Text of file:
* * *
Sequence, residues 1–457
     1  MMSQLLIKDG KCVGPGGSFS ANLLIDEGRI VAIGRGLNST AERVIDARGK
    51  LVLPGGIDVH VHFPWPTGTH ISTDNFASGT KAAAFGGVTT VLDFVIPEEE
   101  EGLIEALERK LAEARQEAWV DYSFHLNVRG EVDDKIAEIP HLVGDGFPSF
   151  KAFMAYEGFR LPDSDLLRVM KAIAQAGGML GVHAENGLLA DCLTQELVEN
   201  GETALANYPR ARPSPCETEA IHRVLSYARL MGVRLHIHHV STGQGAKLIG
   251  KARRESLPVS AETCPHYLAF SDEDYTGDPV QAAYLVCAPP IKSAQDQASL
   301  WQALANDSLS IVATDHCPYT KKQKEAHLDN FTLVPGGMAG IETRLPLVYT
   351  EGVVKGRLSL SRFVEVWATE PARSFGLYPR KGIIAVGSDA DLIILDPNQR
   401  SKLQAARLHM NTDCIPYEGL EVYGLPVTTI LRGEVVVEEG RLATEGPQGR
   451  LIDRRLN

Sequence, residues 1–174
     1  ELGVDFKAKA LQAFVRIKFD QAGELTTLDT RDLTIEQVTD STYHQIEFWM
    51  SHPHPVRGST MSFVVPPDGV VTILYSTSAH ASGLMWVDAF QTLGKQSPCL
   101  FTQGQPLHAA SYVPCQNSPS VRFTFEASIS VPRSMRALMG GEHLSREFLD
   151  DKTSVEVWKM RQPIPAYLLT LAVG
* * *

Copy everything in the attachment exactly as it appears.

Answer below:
Sequence, residues 1–457
     1  MMSQLLIKDG KCVGPGGSFS ANLLIDEGRI VAIGRGLNST AERVIDARGK
    51  LVLPGGIDVH VHFPWPTGTH ISTDNFASGT KAAAFGGVTT VLDFVIPEEE
   101  EGLIEALERK LAEARQEAWV DYSFHLNVRG EVDDKIAEIP HLVGDGFPSF
   151  KAFMAYEGFR LPDSDLLRVM KAIAQAGGML GVHAENGLLA DCLTQELVEN
   201  GETALANYPR ARPSPCETEA IHRVLSYARL MGVRLHIHHV STGQGAKLIG
   251  KARRESLPVS AETCPHYLAF SDEDYTGDPV QAAYLVCAPP IKSAQDQASL
   301  WQALANDSLS IVATDHCPYT KKQKEAHLDN FTLVPGGMAG IETRLPLVYT
   351  EGVVKGRLSL SRFVEVWATE PARSFGLYPR KGIIAVGSDA DLIILDPNQR
   401  SKLQAARLHM NTDCIPYEGL EVYGLPVTTI LRGEVVVEEG RLATEGPQGR
   451  LIDRRLN

Sequence, residues 1–174
     1  ELGVDFKAKA LQAFVRIKFD QAGELTTLDT RDLTIEQVTD STYHQIEFWM
    51  SHPHPVRGST MSFVVPPDGV VTILYSTSAH ASGLMWVDAF QTLGKQSPCL
   101  FTQGQPLHAA SYVPCQNSPS VRFTFEASIS VPRSMRALMG GEHLSREFLD
   151  DKTSVEVWKM RQPIPAYLLT LAVG